Architecture Images- Central Business District
King George Building (formerly American Express Building)
|John Andrews International Pty Ltd|
|corner of King and George Streets.|
|Late 20th-Century Late Modern|
|Iconic seventies building with filigree glazing grid that was unfortunately replaced in the nineties (it blocked out a lot of sun...). Its funky '70s character remains, with the modern inclusion of indoor gardens, etc.|
Statement of Significance:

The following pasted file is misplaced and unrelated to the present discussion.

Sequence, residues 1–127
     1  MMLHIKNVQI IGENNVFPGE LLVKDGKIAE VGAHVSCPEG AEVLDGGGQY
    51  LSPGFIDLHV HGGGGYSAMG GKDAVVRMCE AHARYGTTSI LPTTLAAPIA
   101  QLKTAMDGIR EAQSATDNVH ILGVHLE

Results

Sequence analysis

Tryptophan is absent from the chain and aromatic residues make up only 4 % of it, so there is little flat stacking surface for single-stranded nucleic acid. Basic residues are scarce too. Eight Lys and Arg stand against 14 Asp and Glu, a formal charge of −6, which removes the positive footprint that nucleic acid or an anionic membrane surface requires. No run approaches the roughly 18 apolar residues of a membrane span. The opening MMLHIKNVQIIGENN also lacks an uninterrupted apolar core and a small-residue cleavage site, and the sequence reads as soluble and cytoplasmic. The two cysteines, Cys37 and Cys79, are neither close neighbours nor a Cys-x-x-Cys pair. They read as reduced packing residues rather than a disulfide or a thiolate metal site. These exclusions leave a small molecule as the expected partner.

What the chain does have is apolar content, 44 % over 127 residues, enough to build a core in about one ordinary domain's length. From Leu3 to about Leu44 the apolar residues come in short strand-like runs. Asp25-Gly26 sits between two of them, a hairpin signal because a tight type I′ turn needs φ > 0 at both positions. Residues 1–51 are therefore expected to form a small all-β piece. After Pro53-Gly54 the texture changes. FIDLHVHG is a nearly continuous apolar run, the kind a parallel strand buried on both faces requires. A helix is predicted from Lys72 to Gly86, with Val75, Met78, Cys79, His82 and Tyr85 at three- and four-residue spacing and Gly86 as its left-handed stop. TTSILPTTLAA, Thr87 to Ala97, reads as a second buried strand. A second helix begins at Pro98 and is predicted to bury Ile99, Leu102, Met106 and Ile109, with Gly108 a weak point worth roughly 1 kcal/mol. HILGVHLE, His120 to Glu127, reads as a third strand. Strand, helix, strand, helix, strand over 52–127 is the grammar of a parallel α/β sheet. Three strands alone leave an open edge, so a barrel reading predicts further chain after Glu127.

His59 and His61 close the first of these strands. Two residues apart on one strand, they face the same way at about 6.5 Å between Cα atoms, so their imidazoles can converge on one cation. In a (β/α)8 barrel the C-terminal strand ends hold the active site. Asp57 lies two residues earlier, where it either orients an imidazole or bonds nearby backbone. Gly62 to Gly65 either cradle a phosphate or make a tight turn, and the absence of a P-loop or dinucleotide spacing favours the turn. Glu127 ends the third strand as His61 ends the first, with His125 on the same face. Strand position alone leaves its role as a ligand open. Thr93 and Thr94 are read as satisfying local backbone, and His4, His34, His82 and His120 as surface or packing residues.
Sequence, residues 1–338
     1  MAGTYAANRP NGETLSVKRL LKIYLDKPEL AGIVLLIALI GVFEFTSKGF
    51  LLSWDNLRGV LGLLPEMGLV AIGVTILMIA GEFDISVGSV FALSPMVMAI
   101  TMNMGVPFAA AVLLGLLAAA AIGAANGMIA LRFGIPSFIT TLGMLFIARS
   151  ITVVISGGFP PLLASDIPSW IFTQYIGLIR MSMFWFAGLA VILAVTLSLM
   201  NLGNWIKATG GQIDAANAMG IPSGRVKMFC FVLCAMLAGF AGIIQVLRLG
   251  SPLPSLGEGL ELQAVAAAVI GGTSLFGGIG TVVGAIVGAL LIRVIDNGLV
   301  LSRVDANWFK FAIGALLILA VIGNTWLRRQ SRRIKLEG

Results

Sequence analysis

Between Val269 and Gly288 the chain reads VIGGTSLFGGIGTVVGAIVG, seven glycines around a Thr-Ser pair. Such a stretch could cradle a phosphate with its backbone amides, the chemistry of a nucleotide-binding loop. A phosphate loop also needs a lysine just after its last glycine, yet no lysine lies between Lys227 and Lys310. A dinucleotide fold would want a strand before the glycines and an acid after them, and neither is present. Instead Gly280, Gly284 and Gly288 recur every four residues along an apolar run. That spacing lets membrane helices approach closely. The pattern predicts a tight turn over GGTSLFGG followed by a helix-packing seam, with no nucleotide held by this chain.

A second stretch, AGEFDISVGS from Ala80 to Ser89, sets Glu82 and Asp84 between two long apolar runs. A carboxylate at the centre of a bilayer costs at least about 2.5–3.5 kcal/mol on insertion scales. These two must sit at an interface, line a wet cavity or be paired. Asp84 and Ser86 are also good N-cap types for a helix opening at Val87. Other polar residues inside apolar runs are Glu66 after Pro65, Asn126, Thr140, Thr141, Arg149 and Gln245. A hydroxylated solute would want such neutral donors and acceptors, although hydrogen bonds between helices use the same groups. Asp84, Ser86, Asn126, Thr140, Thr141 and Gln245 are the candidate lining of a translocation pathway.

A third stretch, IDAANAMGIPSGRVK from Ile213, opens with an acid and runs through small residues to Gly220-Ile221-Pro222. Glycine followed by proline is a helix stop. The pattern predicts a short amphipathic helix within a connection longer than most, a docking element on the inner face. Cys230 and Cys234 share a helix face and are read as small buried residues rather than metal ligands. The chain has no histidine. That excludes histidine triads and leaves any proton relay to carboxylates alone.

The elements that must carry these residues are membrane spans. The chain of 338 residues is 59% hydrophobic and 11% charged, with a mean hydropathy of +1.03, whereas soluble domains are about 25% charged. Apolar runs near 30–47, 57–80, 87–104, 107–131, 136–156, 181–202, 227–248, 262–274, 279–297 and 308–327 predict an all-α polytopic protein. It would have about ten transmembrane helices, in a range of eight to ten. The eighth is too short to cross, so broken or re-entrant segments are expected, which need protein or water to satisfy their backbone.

The former American Express Tower, completed in 1976, is a significant building in the career of John Andrews, a leading Australian architect who is recognised internationally for his innovative designs (Criterion H.1). Though the aesthetic of the building has been altered by subsequent developments, it continues to make a vital contribution to the texture and aesthetics of the City of Sydney through its bold triangular form and unusual use of off-form concrete (Criterion E.1). It is an important example of a speculative office building which, in an innovative way, integrated modernist aesthetic ideals and the economic imperatives of the 1970s urban property development with environmental and civic amenity (Criterion A.4) (Historic Theme: 5.4 Working in offices). The building also demonstrates unusual urban design considerations through its siting and triangular form, which allow greater penetration of sun and light to the street level, and consequent improvement of pedestrian amenity at a major city intersection. The collaborative process of design, which involved the builder in the development of the architectural concept, is also considered innovative for its time (Criterion F.1).